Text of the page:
After light bulbs and plastic straws…toilet paper. Another everyday staple is under scrutiny. “The Issue With Tissue” from environmental watchdog NRDC details the environmental and social harm wrought by Procter & Gamble, Georgia Pacific, Kimberly Clark and other tissue paper producers. Their preference for virgin pulp means the clear cutting of global forests needed for carbon storage and habitat for animals and people. The NRDC’s sustainability scores: Charmin Ultra, a leading brand owned by P&G, failed, as did with Quilted Northern and Angel Soft, both from Koch-owned Georgia Pacific. Scott from Kimberly Clark notched a slightly less dismal ‘D.’ (Note: P&G CEO David Taylor is a signatory to the Business Roundtable’s recent statement on the purpose of corporations.)
- Flush market. The average American uses three rolls of toilet paper a week, accounting for 20% of global tissue consumption and $31 billion in sales a year. Globally, consumption is expected to rise 6% a year.
- Climate threat. Canada’s ancient boreal forest, the “Amazon of the North,” holds softwood pulp prized by makers of tissue products for the U.S. market. Clear-cutting releases about 26 million metric tons of carbon dioxide a year. That’s 12% of the annual emissions Canada agreed to cut by 2030 under the Paris Agreement.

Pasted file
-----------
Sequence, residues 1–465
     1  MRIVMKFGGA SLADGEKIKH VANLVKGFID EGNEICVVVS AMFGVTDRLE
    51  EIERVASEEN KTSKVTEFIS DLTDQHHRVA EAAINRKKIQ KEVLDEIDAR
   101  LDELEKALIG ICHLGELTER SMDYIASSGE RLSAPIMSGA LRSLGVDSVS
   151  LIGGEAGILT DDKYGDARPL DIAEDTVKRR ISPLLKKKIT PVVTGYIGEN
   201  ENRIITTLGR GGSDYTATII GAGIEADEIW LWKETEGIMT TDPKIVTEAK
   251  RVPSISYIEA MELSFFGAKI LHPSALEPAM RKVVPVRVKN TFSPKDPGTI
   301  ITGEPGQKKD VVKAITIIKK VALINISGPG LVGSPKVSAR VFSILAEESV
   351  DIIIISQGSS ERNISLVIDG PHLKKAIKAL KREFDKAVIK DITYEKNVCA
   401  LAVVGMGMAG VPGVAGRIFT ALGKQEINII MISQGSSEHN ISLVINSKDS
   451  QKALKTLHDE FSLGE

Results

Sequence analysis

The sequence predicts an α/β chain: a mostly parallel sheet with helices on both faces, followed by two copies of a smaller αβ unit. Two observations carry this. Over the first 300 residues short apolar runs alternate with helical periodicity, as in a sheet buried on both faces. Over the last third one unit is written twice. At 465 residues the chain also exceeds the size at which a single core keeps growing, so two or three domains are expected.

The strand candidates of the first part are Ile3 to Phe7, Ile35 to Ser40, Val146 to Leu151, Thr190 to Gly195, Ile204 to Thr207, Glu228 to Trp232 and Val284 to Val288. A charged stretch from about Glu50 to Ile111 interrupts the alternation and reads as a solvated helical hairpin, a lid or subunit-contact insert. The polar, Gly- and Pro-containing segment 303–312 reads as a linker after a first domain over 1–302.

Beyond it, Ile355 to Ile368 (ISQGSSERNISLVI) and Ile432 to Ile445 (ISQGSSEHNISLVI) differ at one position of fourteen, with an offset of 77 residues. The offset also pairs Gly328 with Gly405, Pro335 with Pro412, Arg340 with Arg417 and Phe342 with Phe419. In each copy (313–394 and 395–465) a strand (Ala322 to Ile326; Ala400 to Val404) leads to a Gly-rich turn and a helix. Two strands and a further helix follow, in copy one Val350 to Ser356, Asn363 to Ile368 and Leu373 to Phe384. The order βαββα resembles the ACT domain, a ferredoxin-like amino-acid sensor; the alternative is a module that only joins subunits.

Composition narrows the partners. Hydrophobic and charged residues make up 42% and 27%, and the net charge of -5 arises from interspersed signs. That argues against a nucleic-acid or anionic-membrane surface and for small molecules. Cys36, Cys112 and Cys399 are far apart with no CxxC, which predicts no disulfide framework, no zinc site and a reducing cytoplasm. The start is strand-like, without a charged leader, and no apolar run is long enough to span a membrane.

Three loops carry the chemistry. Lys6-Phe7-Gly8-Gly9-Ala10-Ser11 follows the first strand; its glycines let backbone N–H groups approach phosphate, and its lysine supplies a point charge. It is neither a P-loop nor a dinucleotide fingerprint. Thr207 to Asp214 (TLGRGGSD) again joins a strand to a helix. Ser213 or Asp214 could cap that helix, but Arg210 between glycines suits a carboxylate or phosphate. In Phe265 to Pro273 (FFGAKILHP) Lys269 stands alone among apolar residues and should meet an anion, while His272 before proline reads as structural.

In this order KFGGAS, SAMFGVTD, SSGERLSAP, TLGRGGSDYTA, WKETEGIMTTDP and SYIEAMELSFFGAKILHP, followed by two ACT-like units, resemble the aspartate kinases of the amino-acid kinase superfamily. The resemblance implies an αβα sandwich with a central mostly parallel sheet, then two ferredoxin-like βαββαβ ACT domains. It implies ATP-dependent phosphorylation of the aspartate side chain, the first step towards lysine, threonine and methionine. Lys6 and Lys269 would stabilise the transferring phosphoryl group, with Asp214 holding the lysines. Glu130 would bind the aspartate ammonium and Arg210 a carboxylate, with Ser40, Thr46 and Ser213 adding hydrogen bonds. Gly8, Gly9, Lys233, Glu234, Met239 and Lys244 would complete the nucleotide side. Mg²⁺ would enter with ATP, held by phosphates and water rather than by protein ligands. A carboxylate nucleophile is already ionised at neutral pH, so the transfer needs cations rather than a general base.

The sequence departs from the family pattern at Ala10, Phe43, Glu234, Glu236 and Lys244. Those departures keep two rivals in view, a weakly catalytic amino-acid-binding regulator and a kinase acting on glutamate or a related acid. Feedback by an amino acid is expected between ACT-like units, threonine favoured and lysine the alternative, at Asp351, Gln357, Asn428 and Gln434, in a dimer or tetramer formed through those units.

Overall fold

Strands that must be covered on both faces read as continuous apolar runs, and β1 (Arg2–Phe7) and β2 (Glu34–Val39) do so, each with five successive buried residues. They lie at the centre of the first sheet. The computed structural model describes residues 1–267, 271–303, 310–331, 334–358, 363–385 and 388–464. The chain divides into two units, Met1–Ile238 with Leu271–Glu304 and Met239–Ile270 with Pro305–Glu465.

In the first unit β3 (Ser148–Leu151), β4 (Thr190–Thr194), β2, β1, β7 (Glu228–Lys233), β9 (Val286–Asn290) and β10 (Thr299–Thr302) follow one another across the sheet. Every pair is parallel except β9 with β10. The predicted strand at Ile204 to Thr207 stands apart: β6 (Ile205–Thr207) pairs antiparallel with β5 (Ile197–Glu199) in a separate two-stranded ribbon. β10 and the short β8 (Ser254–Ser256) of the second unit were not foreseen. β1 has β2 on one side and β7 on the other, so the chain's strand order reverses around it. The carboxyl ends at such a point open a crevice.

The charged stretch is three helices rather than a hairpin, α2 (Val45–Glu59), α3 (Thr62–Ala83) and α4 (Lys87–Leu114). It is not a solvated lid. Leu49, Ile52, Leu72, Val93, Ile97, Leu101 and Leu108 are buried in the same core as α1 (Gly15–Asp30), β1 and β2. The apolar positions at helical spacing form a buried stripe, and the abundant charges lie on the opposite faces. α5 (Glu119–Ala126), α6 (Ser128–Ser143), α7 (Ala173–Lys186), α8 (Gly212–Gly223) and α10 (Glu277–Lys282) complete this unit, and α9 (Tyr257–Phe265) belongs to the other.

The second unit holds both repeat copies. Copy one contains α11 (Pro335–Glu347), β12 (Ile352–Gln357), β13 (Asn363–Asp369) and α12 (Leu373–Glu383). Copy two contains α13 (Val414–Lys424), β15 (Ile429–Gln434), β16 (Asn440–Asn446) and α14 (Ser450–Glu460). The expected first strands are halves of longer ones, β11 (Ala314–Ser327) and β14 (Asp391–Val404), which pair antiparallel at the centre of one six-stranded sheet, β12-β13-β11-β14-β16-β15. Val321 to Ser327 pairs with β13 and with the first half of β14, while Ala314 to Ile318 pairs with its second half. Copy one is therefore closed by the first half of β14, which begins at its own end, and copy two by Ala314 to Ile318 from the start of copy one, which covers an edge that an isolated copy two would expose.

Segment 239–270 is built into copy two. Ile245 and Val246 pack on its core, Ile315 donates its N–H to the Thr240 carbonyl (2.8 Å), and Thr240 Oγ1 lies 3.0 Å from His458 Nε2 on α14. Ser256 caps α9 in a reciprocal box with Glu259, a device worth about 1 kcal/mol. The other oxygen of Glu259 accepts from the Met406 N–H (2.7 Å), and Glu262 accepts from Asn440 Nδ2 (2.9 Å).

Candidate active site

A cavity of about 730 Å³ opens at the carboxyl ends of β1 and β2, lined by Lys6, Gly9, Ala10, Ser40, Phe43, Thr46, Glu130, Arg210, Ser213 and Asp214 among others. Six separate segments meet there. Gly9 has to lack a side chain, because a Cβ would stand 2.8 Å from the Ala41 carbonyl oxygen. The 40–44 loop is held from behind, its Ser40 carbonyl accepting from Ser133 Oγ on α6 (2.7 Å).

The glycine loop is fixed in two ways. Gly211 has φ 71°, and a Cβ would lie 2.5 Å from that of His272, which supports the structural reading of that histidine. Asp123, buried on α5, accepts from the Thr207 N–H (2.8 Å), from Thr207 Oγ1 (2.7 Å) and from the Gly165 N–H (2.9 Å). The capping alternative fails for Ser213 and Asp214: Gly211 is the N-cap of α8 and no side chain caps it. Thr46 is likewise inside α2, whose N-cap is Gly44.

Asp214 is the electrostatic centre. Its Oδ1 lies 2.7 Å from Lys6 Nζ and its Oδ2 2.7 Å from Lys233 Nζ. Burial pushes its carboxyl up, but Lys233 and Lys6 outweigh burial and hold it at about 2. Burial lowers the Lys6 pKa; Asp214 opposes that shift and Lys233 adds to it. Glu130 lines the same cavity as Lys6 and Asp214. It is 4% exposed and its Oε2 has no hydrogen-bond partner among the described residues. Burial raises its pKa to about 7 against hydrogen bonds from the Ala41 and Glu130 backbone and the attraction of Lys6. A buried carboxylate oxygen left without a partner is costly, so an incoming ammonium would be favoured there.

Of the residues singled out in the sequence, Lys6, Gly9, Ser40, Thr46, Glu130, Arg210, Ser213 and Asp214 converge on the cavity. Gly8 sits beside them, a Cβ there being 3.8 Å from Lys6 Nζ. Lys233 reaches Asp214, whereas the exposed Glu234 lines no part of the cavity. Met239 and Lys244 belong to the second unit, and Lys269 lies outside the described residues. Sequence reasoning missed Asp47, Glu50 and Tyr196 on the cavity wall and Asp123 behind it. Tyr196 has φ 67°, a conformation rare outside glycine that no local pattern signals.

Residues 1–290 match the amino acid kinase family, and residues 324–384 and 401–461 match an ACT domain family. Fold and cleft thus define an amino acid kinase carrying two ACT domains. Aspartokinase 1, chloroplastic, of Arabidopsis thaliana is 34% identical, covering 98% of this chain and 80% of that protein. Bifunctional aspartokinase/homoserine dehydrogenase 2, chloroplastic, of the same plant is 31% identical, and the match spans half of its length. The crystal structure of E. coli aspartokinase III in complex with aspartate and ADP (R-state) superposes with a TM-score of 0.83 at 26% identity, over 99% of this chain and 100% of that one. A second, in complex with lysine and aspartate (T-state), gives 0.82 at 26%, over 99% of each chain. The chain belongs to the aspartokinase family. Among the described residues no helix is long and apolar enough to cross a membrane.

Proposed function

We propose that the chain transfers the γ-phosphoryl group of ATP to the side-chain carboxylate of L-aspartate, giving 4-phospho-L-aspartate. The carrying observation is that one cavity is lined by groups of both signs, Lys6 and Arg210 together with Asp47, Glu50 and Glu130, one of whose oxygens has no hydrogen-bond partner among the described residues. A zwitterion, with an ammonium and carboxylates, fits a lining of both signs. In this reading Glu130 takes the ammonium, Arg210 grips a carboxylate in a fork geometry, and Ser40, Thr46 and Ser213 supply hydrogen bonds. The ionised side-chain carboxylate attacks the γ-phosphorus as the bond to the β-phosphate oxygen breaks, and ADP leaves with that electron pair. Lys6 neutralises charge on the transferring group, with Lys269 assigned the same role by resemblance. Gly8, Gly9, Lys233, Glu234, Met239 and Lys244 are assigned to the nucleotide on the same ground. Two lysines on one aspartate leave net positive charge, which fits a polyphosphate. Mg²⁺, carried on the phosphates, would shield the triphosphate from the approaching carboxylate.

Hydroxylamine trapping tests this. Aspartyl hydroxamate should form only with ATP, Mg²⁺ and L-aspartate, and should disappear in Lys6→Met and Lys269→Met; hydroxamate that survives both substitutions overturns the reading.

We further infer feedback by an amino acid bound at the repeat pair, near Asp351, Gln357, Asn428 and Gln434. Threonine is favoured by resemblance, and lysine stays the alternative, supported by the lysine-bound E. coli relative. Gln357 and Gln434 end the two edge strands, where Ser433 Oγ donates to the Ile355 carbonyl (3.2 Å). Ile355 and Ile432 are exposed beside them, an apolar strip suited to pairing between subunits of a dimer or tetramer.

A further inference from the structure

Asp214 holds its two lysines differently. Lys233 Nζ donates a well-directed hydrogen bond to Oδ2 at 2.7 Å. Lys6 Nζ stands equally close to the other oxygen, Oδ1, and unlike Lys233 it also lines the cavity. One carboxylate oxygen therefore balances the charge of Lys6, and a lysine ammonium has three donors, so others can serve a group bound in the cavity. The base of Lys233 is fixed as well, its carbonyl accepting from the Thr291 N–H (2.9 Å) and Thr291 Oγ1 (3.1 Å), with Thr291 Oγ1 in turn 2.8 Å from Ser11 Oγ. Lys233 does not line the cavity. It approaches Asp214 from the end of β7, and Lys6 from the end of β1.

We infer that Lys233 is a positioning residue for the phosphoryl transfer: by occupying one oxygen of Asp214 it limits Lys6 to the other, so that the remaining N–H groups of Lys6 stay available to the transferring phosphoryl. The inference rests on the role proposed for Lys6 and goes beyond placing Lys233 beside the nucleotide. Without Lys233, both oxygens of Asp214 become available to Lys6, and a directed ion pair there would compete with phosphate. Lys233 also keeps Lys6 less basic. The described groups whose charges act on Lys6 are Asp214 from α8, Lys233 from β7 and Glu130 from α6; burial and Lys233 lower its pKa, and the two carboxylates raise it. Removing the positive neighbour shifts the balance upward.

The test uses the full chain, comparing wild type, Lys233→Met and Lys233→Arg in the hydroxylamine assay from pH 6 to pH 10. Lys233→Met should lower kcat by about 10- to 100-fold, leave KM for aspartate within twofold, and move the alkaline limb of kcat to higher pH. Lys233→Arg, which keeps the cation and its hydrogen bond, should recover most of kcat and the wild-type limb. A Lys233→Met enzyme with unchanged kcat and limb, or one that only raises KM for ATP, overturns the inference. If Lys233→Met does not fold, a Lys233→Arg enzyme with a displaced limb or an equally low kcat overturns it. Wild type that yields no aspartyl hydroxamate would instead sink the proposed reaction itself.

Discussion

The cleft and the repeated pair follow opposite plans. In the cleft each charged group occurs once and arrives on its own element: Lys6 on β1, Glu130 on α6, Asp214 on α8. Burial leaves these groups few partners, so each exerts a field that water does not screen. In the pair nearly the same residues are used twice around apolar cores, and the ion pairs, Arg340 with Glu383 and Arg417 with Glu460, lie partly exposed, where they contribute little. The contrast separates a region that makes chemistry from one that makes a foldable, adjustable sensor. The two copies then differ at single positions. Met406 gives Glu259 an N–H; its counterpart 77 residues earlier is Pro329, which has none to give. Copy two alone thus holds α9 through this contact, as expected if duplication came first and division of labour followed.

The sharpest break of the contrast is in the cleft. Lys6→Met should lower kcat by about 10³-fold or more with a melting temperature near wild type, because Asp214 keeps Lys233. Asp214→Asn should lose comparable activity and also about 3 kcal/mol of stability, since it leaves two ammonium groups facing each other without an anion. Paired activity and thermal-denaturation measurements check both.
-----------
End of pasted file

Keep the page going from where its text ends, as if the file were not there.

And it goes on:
- Alt tissue. Alternatives to the “tree-to-toilet” pipeline include recycled content or sustainable fibers such as wheat straw and bamboo. The Forest Stewardship Council’s certification aims to mitigate the harm from virgin pulp harvesting. The NRDC gave A grades to toilet paper from companies including Green Forest, Natural Value, and Seventh Generation based on recycled content, bleaching process and fiber sourcing.
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Agents of Impact: Follow the Talent
MIT’s Ernest Moniz, Rockefeller Foundation’s Rajiv Shah, and Africa Development Bank’s Akinwumi Adesina will co-chair Rockefeller Foundation’s new Global Commission to End Energy Poverty. The MIT Energy Initiative is supporting the commission and released an initial report on bridging gaps, primarily in sub-Saharan Africa… Building Markets is looking for a financial consultant in Myanmar… Amsterdam-based impact investor Triple Jump has an opening on its fund investment team.
Thank you for reading.
– Sept. 16, 2019